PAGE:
NAUGATUCK — Ellen Murray’s ascension to chief of the Naugatuck Fire Department may never have happened if she didn’t act on a whim a more than 35 years ago.
Murray’s career as a firefighter started in the Stratford Fire Department.
“I had a friend in the department. I ran into him and just joking said ‘are you hiring.’ He said, ‘yes we are’ and brought me down to get an application,” Murray said.
Murray, 57, of Shelton, hadn’t considered becoming a firefighter before then, but filled out the application and took the placement test.
“The testing process is difficult but I was a physical education major and I was a competitive swimmer, so that’s what helped me get through the physical aspect of the testing. Then I just loved it. I didn’t really see myself sitting behind a desk when I was younger. Every day is different,” Murray said.
In 1982, Murray officially became a firefighter. She served with the Stratford Fire Department for nearly three decades before retiring.
Shortly after retiring, it was another friend who told her about the opening for deputy chief at the Naugatuck Fire Department.
Murray applied and was named the department’s second in command in 2011 under then-Fire Chief Ken Hanks.
“It was very exciting. I love working here. Working under Chief Hanks was a wonderful experience. He was very knowledge and a wonderful chief. I learned a lot from him,” Murray said.
After Hanks retired in August 2015, Murray served as the interim chief until she reached a four-year contract with the borough in May to become chief.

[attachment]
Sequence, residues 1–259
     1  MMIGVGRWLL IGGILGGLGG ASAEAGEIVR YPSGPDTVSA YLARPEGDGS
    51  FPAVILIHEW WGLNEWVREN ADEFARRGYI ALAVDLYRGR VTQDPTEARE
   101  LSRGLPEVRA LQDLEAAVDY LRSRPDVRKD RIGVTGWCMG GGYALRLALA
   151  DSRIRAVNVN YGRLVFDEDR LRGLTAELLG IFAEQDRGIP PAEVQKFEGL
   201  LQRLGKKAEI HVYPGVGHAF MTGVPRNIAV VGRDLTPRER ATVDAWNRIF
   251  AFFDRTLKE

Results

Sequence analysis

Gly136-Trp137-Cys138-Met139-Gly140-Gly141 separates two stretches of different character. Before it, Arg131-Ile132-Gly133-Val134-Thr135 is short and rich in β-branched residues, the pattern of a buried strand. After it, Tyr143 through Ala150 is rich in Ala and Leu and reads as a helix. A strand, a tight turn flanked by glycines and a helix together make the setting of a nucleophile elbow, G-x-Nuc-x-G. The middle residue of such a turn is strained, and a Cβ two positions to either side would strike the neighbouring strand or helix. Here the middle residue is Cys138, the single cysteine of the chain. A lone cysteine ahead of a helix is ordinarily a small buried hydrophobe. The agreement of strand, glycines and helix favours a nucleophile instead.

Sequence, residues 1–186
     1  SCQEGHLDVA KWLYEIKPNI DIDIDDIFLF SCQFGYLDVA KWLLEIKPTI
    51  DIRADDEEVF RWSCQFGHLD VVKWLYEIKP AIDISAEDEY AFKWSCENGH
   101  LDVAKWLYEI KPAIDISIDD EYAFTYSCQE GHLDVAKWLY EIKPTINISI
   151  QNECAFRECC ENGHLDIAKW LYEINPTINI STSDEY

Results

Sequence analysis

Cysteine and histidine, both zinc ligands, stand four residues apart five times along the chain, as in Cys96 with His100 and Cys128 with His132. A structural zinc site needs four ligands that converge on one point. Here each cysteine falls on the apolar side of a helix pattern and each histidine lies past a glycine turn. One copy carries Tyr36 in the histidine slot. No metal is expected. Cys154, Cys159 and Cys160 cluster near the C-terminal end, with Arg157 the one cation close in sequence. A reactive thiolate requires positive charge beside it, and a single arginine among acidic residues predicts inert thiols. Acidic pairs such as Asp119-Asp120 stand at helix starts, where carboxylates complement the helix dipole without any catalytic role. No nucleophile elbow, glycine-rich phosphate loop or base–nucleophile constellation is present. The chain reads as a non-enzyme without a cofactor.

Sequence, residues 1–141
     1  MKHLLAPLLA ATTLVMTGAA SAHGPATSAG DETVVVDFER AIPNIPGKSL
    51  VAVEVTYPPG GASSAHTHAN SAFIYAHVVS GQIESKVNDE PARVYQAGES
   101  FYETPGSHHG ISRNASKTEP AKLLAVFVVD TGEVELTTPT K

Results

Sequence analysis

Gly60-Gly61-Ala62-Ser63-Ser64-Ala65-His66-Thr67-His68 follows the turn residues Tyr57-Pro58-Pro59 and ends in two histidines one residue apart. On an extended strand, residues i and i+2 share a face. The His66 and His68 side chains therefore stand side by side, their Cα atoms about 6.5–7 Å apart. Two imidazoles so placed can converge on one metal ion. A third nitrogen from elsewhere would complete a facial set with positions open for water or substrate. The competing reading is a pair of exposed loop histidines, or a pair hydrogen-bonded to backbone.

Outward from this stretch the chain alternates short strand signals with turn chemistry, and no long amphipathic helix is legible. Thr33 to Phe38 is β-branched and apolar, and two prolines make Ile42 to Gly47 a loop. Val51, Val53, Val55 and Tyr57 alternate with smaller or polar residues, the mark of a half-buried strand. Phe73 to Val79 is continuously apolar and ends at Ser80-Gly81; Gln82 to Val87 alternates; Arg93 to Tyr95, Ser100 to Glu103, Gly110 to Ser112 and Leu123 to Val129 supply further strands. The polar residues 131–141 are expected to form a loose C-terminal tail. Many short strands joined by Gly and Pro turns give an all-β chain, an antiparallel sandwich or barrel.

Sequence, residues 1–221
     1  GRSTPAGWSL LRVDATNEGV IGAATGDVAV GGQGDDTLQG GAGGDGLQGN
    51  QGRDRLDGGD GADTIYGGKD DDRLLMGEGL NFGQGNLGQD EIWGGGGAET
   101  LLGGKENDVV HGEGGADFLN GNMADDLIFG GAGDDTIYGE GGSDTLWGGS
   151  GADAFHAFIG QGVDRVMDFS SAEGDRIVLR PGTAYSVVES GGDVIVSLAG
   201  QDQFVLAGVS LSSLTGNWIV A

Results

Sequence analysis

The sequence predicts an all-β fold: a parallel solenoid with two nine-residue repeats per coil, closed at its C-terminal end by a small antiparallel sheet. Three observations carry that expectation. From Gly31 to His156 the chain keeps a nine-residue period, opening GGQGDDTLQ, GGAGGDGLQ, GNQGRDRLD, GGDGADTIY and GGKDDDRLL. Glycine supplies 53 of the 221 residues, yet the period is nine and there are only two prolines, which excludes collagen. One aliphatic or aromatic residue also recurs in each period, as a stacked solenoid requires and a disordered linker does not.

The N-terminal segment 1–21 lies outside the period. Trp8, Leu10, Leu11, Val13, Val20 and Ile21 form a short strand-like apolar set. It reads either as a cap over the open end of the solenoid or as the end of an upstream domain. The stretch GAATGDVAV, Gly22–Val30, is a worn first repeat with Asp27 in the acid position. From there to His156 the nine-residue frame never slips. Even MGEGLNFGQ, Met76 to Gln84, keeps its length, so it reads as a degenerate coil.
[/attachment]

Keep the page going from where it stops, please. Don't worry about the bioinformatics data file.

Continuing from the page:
“I was very excited and humbled they chose me to lead the department,” Murray said.
Now that Murray has been serving as the department’s chief in an official capacity for a month or so she has one word that describes the job: busy.
“It’s a very busy time to take over with the budget. We are running a test for the firefighters. So there is a lot going on,” Murray said.
On June 11, the department held a written test for approximately 300 potential firefighters. The test will help the department fill vacant positions and create a list of potential firefighters the department can hire in the future, Murray said.
The department has recently had a wave of retirements where it saw the loss of a number of firefighters with at least 25 years of experience. The department could see another seven retirements of long-serving officers in the next two years, Murray added.
In addition, the department is also dealing with a trend of newly-hired firefighters leaving for other departments that offer a traditional pension plan.
The borough negotiated a change in retirement plans for all new municipal employees. All new municipal employees are now offered defined contribution retirement plans, similar to a 401 (K) in the private sector, rather than defined benefit pension plans. The change was made in order to save the borough money in the long term.
“We are losing a lot of institutional knowledge. We are losing a lot of experience. We have a lot of people that need extra training just to make up for a lack of experience. So training is going to be big in the next couple of years,” Murray said. “It is a challenge to have a turnover of firefighters as quickly and as many as we do. We will get through it.”
Aside from training and retaining new firefighters, Murray’s top goals include installing a new radio system. The current radio system does not cover the entire borough.
“We have some dead spots in town, which are dangerous for the firefighters. We don’t have communications,” Murray said.
Murray said the new radio system is currently in the 2016-17 budget, which is facing a referendum. If the department receives the money, she said, it will take a few years to implement the new system.
Despite the changes at the firehouse, Murray said the department will continue to serve the community as it always has.
“We are just going to continue with the customer service that the department has been giving people. If you need help, call us and we’ll come out no matter what it is,” Murray said.